Don’t Ask If You Don’t Want Me To Tell You

We recently ate at a pleasant Italian restaurant; a day or so later, having been contacted by OpenTable to post a review, I wrote something short and positive.

At least I thought it was positive: 4/5 stars for food/ambiance/value and 5/5 for service, which was terrific. After all, this wasn’t an undiscovered Michelin gem, just a perfectly nice little restaurant with an undistinguished décor and limited menu. I’ve eaten out enough to know what “outstanding” means – from Tour D’Argent in Paris in its heyday to our local pub, which has consistently excellent grub. And, hey, I’ve got the extra pounds to prove it!

Almost immediately, I received a very defensive reply from the chef-owner, wanting to know why I’d given him a “bad” review. (My comments about the “lovely little restaurant with delicious house-made pasta” apparently hadn’t been sufficient praise.) So this led to a series of back-and-forth e-mails in which I explained that one reason for my rating was that the bread was disappointing. As regular readers will know, I take my carbs seriously: flabby, squishy white bread is not ok – though I expressed this as, “I prefer a firmer crust and texture”, attempting to be diplomatic.

The point is, I wasn’t trying to be mean or snarky – but if you ask for feedback, you should expect feedback, not a gold star for trying. (This being the problem of an entire generation getting trophies merely for showing up.)

Which led me to think about other situations in which it might be unwise to ask questions if you don’t want to hear the answers. A classic is, “Where is our relationship going?” Now, if a woman is asking a man, chances are that if he were about to propose, she would know it. If he’s asking her where they stand, well, sorry dude but she’s not that into you, as they say.

I don’t know if gay etiquette is any different, but humans being humans I’ll go out on a limb here and say that, in any relationship, if you don’t know where you stand you can assume it’s on shaky ground.

It’s the same at work. A good manager will praise what’s going well and offer constructive criticism to make you better. Be honest: If you were 100% perfect you’d probably be the CEO, or have retired by age 40 to your yacht in the South Pacific.

In other words, be careful what you ask for.



11 thoughts on “Don’t Ask If You Don’t Want Me To Tell You

  1. Laura Schulman

    I rarely provide requested feedback simply for this reason. If you write a 4 out of 5 rating, you get asked to explain. Unless the service provided was abysmal, in which case they hear about it in scorching detail, I just ignore.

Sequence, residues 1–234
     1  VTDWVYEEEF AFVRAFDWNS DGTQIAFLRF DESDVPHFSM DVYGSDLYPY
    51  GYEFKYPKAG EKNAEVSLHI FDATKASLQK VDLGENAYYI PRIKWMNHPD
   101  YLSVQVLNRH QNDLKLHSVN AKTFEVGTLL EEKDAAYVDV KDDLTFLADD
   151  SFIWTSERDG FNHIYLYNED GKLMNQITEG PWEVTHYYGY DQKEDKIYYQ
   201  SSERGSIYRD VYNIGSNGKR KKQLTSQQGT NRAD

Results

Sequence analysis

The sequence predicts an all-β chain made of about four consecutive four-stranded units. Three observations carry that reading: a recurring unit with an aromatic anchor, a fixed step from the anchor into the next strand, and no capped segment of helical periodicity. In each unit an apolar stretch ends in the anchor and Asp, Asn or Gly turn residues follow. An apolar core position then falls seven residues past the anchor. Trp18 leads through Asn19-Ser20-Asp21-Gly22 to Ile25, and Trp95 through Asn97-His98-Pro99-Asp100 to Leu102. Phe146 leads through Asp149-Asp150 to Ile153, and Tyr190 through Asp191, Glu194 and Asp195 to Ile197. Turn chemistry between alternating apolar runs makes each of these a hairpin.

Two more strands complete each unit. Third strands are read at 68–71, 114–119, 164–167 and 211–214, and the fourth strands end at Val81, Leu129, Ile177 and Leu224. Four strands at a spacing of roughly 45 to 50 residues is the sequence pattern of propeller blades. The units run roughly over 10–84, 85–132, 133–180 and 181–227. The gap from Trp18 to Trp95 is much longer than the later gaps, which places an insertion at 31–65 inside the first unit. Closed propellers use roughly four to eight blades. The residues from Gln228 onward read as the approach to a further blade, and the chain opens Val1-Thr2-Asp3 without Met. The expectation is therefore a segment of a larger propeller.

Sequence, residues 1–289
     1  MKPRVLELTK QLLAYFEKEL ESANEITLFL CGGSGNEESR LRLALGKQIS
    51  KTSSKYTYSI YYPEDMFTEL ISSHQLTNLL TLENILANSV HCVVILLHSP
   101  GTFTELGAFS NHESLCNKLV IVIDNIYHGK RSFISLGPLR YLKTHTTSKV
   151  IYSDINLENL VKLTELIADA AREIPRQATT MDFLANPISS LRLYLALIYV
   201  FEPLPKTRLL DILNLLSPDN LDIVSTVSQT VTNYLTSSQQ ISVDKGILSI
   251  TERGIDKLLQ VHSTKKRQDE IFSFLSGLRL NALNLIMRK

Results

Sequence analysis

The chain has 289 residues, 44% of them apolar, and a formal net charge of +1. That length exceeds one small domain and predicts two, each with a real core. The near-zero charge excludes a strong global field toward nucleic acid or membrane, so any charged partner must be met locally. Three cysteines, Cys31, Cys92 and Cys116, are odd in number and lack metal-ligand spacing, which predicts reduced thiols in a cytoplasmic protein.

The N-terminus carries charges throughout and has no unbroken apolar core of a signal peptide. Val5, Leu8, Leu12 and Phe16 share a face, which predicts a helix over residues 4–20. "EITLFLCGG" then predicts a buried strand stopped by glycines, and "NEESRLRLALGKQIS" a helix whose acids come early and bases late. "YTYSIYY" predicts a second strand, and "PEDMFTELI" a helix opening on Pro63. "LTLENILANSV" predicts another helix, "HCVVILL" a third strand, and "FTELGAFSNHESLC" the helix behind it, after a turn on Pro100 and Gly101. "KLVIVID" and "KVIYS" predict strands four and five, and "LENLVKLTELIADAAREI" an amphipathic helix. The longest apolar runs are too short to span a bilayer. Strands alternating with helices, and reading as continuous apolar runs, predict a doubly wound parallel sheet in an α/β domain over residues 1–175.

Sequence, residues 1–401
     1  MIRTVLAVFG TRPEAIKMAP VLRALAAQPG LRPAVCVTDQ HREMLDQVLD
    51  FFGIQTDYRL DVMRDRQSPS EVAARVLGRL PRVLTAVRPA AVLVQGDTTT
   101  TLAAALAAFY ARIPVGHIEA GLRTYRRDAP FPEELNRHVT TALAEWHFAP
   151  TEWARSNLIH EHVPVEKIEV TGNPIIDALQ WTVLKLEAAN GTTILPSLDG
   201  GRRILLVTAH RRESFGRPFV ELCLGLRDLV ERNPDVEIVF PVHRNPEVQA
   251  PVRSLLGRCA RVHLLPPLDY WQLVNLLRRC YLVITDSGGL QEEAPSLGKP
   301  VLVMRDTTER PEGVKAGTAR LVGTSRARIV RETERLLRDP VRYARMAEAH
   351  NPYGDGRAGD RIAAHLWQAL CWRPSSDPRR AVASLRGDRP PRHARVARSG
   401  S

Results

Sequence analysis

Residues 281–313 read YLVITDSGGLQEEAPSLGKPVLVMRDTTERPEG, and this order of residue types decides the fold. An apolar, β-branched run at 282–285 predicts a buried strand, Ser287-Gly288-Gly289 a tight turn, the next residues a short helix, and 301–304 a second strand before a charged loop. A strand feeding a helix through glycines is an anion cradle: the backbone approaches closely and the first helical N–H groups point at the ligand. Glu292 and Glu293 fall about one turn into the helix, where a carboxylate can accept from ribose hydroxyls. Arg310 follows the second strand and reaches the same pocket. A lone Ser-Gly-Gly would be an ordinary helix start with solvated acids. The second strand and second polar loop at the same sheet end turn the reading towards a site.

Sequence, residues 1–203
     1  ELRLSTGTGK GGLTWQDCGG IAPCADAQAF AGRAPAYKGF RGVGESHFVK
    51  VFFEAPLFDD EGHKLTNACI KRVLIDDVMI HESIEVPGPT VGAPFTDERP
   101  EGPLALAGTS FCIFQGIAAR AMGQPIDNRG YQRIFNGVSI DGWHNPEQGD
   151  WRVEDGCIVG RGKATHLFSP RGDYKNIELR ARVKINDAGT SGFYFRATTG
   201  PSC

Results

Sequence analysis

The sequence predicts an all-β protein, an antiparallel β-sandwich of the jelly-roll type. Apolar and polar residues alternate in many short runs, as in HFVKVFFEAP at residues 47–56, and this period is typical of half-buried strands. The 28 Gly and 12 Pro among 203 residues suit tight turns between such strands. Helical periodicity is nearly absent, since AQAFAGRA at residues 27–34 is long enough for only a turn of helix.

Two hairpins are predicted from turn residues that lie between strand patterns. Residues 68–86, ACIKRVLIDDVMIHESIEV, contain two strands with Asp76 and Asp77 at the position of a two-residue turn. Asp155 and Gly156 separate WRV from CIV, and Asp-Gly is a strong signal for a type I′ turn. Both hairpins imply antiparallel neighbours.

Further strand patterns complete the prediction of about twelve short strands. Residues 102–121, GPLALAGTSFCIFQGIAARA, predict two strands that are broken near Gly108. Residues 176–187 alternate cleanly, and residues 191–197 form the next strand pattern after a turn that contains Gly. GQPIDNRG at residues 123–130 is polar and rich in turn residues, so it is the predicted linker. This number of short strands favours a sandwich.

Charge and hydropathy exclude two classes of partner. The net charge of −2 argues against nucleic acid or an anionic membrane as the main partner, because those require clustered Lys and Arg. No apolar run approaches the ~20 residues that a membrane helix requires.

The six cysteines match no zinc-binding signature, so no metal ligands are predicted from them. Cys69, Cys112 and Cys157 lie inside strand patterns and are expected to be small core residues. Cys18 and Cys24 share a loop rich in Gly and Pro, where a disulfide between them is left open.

Liked by 2 people

  2. terry

    I had a similar experience a few years ago with a new restaurant in our area. I commented on a few service-related issues we experienced during our visit. The owner responded by saying they were new, the staff (her children) was still in training & we should come back to try it again. The food wasn’t good enough to get me to go back & IMHO, a restaurant shouldn’t open until it’s ready (both food & service).

    Liked by 2 people

  3. adguru101 Post author

    I agree! It’s not as though we don’t all have other options for dining out. And unfortunately, professional service is a lost art in most of the US.

    We had a similar experience with a new restaurant a few years ago. The server (wife of the chef) got defensive about the extremely slow service (there were only three occupied tables and after more than an hour, not so much as a breadstick had even appeared), explaining that it was “fine dining”. Um, no.

    Liked by 1 person

  4. lady sarah in london

    Insightful & intelligent post as always! Year ago I wrote a bad review for afternoon tea at the Connaught. A swish hotel in Mayfair, where they charged £400 for afternoon tea for 4 people. (Including Champagne) the champagne was warm, the sandwiches average and the waiter had a huge stain on his shirt. The maitre was hovering around is in a super annoying way asking if we need anything, though when I asked for extra jam it never materialised. The manager contacted me to offer a complimtary tea after the review, but when I responded to the affirmative, it was never followed up. The place has closed since, which is why I think we should write reviews, if nothing else just to warn potential victims off.

    Liked by 1 person

  5. adguru101 Post author

    Wow — I would not expect that at the Connaught. Good for you for calling them out! It’s uncomfortable to alert people to a bad experience but I agree that it’s our civic responsibility to spare them from wasting their money 🙂 Does Brown’s in Mayfair still serve afternoon tea? I remember it as being quite nice but it was years ago.

    Liked by 1 person


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